Rick Scott Shouldn't Choose Adam Hollingsworth as Lieutenant Governor
Around the State
Almost nine months after Jennifer Carroll resigned, the latest name being floated as Rick Scott’s lieutenant governor is his own chief of staff Adam Hollingsworth.
Buzz started building that Hollingsworth could be in line for a promotion at the end of November. It grew louder when Saint PetersBlog started kicking Hollingsworth’s name around. And Friday speculation grew louder still when Scott refused to deny Hollingsworth was being considered.
"For many years, I publicly stated that I was a graduate of the University of Alabama; however, I did not complete my degree until 2009,'' Scott's top aide said in a written statement given to the Times/Herald. "I am not proud of this and I deeply apologize for this misrepresentation. I have learned from this failure in judgment and know that, over the last several years, my life and character have and will continue to grow from this."
This latest bombshell aside, Hollingsworth is certainly qualified for the post on paper. Besides his current post, he worked as chief of staff for John Peyton when he was mayor of Jacksonville. Hollingsworth has also worked in the private sector and for a few Jacksonville Democrats, including Ed Austin, Charlie Bennett and Corrine Brown. If Scott is looking for a lieutenant governor to lobby the Legislature, Hollingsworth makes sense.
But politically he does nothing for the governor, who is down in the polls against Charlie Crist. If Rick Scott needs help in Jacksonville and Northeast Florida, he may as well run up the white flag now. Scott came into office as a political outsider, a sharp contrast to Bill McCollum and Alex Sink. Hollingsworth, on the other hand, is an insider’s insider with no experience on the campaign trail. As qualified as he might be for the office, Hollingsworth does almost nothing for Scott’s 2014 chances.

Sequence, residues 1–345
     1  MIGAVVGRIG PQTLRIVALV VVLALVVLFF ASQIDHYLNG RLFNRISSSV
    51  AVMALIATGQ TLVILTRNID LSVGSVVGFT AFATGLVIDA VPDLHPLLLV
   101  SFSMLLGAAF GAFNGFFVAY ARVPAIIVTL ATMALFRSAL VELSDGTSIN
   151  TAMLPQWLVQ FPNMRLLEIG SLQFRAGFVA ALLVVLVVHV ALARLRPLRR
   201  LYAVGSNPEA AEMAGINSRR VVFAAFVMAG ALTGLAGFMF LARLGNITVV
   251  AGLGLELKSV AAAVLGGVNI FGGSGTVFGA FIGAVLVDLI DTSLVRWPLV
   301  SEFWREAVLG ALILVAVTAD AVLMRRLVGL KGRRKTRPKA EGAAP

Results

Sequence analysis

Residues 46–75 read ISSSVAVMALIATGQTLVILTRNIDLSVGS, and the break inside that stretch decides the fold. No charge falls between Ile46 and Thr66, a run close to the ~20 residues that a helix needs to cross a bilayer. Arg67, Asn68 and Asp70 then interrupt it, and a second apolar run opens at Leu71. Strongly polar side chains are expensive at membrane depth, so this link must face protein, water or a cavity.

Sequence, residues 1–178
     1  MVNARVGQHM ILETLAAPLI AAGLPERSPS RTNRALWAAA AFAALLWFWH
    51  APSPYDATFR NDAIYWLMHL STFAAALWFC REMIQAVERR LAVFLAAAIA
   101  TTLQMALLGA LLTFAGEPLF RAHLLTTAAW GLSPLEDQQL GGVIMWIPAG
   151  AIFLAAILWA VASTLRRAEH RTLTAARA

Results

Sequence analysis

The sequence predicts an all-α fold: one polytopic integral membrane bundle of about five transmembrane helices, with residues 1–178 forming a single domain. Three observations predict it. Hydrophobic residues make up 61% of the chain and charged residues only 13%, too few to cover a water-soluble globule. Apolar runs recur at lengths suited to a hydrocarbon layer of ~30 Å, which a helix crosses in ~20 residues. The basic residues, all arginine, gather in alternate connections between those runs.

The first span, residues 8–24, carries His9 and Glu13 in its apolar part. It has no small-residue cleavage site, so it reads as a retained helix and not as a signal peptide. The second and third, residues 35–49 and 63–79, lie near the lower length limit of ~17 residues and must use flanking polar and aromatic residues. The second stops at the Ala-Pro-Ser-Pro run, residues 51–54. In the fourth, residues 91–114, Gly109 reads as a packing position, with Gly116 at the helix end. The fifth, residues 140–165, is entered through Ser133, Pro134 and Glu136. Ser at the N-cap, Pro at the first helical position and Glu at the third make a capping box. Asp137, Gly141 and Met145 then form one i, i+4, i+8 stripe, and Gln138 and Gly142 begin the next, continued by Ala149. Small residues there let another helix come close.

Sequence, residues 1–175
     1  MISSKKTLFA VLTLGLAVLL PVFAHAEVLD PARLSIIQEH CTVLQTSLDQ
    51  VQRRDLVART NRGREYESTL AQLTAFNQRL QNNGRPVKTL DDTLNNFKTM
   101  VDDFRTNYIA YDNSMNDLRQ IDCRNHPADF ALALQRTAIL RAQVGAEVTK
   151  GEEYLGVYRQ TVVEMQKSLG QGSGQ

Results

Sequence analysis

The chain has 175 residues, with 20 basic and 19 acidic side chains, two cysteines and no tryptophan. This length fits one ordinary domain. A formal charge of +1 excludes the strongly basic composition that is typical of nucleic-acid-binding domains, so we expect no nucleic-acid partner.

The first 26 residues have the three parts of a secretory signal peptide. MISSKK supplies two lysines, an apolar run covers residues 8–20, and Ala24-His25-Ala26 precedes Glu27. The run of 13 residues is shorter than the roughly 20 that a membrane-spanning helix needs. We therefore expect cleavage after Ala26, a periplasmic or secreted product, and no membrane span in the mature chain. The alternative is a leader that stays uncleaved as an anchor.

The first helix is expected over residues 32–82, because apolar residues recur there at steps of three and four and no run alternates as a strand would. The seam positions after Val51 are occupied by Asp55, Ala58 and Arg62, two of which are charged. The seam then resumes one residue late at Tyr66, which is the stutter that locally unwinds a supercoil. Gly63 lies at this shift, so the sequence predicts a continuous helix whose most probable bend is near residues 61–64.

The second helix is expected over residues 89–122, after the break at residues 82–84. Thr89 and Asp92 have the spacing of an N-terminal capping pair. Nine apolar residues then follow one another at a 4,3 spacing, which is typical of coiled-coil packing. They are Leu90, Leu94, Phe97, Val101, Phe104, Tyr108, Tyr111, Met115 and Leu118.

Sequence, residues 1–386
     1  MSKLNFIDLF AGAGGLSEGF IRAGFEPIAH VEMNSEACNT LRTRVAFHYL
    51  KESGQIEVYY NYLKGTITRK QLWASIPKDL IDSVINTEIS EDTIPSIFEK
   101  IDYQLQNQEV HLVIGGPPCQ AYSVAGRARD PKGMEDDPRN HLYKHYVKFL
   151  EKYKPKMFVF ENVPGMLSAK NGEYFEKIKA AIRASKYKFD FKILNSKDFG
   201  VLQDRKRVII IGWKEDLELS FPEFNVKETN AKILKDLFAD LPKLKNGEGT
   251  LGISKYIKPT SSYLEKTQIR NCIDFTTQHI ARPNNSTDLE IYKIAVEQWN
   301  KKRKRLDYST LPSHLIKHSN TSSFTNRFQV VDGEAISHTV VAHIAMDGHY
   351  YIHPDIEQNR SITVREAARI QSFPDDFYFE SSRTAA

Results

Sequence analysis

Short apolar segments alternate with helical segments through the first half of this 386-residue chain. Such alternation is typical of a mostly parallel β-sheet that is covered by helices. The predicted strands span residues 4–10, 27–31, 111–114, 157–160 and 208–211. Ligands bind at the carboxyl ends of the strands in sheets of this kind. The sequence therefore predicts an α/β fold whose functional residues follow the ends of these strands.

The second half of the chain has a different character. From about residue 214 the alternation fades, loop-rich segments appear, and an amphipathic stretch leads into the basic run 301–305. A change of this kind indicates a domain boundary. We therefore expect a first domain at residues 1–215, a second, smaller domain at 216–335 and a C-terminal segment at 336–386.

There’s a temptation to compare Hollingsworth to George LeMieux and Dick Cheney. After serving as Crist’s chief of staff when that governor was still a Republican, LeMieux ended up in a pivotal role in leading the search for a replacement for Mel Martinez after he resigned from the U.S. Senate. LeMieux eventually became Martinez’s replacement. While he did not run in 2010, LeMieux did try to capture the Republican nomination to challenge Bill Nelson and return to the Senate in 2012. LeMieux showed a knack for going on the attack but he made little headway against Connie Mack and bowed out before the primary. Despite all his years working in politics, LeMieux had never run for a major office before and it showed.
Cheney, of course, was in charge of selecting George W. Bush’s vice president in 2000 and ended up as his running mate. But Cheney made sense for Bush despite hailing from Wyoming, which is not exactly a politically significant state in presidential elections. Cheney had been a leading member of Congress, chief of staff under Gerald Ford and George H.W. Bush’s defense secretary during the first Gulf War. With Americans concerned about George W. Bush’s experience, Cheney certainly made sense as his running mate. He was a tested politico with decades of experience.
If Scott names him as lieutenant governor, Hollingsworth would fit more into the LeMieux mode than the Cheney one. Regardless of his qualifications, Hollingsworth simply would not help Scott come November. Democrats would have a field day, as they would insist no major Republican politician would want to be associated with Scott. Crist and the Democrats could also hit Scott for twiddling his thumbs for nine months, only to choose a close aide as lieutenant governor.
Although nobody votes for gubernatorial candidates based on their running mates, they most certainly vote against them if the running mate is flawed. Hollingsworth's admission of falsifying his resume is likely to end his chances of fulfilling Saint PetersBlog's prophesy, and could even end his job. Scott has shown little tolerance for even a hint of an ethics breach among any member of his top staff.
Tallahassee political writer Jeff Henderson wrote this analysis piece exclusively for Sunshine State News.